In the basis for differentiation was expanded to include the mode of production as well as the volume produced. This decision further strengthened the small-scale enterprises and remains as a main plank of government policies in the present. In an even more dramatic spread in excise duties was mandated, raising the duties of the mechanized sector and lowering those in the handmade sector. Most recently, production limits on the middle and cottage sectors have been removed with an excise duty of Rs 3.
The objectives of these decisions were to: - ensure the acceleration in the share of the cottage sector at the expense of the mechanized sector and the larger non-mechanized handmade sector; - increase employment, particularly in rural areas; - to minimize the impact of match price increases to the consumer. The differential levies in force in and are illustrated in Table 4. Between and the number of factories increased from 27 to The government is aware that the policy of differential excise levies acts as a positive disincentive for small units to expand their production and even encourages some bigger units to go in for deliberate fragmentation.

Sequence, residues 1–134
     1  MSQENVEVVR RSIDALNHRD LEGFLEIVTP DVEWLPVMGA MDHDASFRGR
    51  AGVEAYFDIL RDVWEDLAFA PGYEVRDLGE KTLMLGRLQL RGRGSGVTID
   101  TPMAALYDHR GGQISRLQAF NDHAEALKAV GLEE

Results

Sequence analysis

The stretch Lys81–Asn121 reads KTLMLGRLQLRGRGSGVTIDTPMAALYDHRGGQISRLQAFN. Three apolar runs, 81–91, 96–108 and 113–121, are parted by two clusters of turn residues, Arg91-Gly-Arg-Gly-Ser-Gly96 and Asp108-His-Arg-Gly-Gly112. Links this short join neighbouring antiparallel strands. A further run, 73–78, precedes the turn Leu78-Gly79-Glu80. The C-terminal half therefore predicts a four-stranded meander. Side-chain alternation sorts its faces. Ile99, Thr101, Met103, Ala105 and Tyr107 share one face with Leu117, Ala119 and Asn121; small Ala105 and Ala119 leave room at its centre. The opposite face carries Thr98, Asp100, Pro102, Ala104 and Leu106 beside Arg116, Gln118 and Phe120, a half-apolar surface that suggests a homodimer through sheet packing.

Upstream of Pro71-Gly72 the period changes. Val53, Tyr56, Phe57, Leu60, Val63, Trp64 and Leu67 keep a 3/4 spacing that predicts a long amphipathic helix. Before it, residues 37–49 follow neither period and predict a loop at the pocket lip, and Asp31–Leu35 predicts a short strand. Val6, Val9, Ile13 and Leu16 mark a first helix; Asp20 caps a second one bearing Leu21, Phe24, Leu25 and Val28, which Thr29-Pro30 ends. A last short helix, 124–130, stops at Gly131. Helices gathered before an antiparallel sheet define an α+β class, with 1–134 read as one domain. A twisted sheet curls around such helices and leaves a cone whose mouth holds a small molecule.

No satisfactory solution which would strike a balance between the legitimate interests of the small sector and prevention of abuse of official policy has been developed.
There are a number of match producers who have fragmented their units to get the benefit of concessions, but at the same time there is a growing trend towards centralized ownership of many smaller units.
Another result of government policies has been to severely limit the activities of Wimco in the mechanized sector.
Most of the raw materials are the same regardless of the level of production, but the process is slightly different in the mechanized and hand-made sectors. With the exception of sulphur, all the basic raw materials are produced within India. A full appreciation of the employment potential of the match industry should also consider the workers involved in the production of all of these raw materials.